Does Video Game Driving Translate to Real-World Skills?

PAFF_031215_VideoGameDriving_newsfeatureEvidence is mounting that playing video games may be one way for people to sharpen a number of cognitive skills.

One recent study found that older adults could significantly improve their ability to multi-task after playing a specially designed driving video game called NeuroRacer. Another study from researchers at the University of Rochester found that playing action-packed video games improved people’s ability to make quick decisions and ignore distractions.

But can hours spent hunched over a controller translate to real skills on the road?

In a recent study, psychological scientists Maria Rita Ciceri and Daniele Ruscio of the Catholic University of the Sacred Heart in Milan compared the driving skills of avid gamers and experienced motorists to see whether commercially available racing games might help train players to look ahead for hazards.

The researchers were particularly interested in whether video games trained non-drivers to use the same kinds of visual search techniques that help experienced drivers avoid danger on the road. Previous research has shown that novice drivers tend keep their eyes narrowly focused on the road directly in front of them, while more experienced drivers scan all around the road and far up ahead for potential hazards.

Looking ahead for danger and scanning the sides of the road is a skill that drivers tend to develop after hundreds of hours of real world driving practice. Ciceri and Ruscio hypothesized that after hours of “driving practice” trying to get that new high score, gamers might be developing these same visual search techniques.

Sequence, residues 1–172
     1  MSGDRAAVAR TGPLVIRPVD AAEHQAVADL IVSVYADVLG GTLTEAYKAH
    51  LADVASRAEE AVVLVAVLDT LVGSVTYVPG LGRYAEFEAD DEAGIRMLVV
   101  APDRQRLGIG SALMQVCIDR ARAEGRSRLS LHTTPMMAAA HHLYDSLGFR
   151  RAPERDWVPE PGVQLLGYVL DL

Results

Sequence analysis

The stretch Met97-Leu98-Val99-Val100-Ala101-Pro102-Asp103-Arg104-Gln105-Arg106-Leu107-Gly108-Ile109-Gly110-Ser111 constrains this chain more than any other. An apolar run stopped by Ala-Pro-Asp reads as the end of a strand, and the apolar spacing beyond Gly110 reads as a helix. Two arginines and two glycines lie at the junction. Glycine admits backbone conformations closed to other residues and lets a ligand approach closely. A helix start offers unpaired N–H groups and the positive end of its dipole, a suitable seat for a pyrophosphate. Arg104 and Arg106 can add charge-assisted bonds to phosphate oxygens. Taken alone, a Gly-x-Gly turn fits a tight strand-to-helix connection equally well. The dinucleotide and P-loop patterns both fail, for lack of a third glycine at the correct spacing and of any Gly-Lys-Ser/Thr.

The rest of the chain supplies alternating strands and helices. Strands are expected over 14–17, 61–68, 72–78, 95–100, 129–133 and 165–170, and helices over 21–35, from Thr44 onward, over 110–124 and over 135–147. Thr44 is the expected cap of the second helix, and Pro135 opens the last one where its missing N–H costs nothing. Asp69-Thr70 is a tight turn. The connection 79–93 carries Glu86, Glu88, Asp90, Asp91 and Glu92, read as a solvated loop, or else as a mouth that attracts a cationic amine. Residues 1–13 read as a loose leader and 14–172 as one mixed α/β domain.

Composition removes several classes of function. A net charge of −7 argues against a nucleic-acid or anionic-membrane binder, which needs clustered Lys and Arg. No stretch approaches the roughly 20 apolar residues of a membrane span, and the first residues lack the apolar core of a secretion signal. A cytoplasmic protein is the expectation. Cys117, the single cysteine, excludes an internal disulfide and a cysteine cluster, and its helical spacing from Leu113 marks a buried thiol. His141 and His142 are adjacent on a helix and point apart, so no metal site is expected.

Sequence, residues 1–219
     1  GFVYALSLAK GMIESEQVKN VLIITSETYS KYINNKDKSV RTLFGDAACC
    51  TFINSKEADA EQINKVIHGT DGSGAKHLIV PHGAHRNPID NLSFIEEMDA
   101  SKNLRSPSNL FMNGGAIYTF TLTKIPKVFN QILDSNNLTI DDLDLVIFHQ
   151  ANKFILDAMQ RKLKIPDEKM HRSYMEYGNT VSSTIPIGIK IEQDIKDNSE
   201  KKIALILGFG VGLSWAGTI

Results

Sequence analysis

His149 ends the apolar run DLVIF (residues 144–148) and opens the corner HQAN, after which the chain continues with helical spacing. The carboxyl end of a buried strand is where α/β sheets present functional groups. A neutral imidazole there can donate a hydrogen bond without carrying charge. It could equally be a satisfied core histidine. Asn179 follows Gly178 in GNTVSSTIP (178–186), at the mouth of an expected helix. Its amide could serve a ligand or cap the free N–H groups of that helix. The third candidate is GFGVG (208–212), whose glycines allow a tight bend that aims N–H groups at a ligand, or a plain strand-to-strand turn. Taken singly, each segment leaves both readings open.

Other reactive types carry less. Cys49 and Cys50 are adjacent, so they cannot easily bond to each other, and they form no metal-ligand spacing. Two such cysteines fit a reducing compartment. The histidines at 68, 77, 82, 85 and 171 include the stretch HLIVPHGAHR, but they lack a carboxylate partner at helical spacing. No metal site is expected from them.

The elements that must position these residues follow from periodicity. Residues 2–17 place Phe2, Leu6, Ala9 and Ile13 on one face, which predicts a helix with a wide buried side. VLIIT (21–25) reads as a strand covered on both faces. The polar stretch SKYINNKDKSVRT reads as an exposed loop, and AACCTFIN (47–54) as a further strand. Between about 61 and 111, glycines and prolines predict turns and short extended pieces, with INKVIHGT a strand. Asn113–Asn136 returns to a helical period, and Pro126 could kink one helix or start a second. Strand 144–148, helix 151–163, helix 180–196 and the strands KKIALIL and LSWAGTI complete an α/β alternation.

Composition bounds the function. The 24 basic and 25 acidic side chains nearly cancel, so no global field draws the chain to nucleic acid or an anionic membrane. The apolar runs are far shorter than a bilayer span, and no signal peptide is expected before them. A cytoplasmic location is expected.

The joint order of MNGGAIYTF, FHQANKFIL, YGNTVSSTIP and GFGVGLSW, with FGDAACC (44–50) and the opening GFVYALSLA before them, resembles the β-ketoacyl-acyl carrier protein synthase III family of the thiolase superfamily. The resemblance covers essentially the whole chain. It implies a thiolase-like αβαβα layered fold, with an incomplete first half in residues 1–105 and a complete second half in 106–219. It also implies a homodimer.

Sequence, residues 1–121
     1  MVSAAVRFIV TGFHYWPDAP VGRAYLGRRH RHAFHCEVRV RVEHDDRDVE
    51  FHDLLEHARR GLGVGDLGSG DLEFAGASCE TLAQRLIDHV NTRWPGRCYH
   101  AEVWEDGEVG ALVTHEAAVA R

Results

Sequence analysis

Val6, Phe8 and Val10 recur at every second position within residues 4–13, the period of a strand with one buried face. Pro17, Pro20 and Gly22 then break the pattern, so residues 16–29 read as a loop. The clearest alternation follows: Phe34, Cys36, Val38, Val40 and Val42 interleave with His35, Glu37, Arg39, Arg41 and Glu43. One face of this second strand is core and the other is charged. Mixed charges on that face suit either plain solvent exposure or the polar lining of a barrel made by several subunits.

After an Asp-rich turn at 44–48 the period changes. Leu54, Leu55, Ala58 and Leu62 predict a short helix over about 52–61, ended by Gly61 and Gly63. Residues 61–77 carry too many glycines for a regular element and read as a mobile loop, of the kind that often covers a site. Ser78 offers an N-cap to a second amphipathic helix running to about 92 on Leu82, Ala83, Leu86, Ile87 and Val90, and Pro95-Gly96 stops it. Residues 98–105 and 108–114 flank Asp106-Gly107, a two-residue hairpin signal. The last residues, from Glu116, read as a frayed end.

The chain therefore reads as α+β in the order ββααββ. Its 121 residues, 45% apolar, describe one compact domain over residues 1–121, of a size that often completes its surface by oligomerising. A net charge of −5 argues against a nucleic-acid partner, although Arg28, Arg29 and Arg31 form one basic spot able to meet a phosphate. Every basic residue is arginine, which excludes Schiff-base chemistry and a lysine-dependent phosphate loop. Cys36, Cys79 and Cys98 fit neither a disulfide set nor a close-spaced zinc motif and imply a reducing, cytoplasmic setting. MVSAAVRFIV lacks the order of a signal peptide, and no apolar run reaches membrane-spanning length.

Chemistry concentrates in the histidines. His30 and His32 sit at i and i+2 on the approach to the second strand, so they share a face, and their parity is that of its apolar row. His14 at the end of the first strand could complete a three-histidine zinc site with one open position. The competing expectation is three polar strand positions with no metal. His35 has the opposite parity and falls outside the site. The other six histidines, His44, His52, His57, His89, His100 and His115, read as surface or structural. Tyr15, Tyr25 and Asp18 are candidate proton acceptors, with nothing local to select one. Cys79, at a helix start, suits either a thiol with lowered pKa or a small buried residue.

The researchers recruited 40 dedicated male video game enthusiasts; each participant averaged about 10-15 hours per week of realistic racing video game playing. Half of the gamers had at least 5 years of on-the-road driving experience, while the other half had no real-world driving experience at all.

In the lab, participants were seated with a steering wheel and pedals and asked to follow along with a series of driving videos as if they were really driving the car. One video featured road interactions recorded from real driving in an urban area near the city of Milan, Italy. The other video included the same road interactions recorded from the video game Crash Time II.

Unbeknownst to the participants, an eye-tracking monitor recorded where they were looking during the video experiment. The researchers were particularly interested in seeing how much attention non-drivers and experienced drivers paid to key safety spots, like rearview mirrors, intersections, and stop signs.

Even after hours of “practice” driving in video games, non-drivers showed the same limited visual search that is typical of other inexperienced drivers. Experienced drivers checked key safety areas far more often and for significantly longer than non-driving gamers did.

“Unlike experienced drivers, gamers’ virtual driving attention is focused on only a few elements of the driving scene for only a short amount of time, and every scene is approached in the same way, without any evident differentiation in levels of attention,” Ciceri and Ruscio write in the journal Transportation Research Part F.

The map of eye-tracking data from non-driving gamers showed that they focused almost entirely on what was directly in front of them, whereas data from experienced drivers’ eyes swept back and forth, monitoring the whole streetscape.

Even when viewing the video game driving scenario, experienced drivers maintained their distinctive visual search style of continuously searching out potential threats as though they were driving in real traffic.

“Gamers without driving experience replicated the same patterns in a real road scenario, ignoring road signs and potential areas of interactions with other drivers, while experienced driver gamers explored video game roads like real roads,” Ciceri and Ruscio conclude.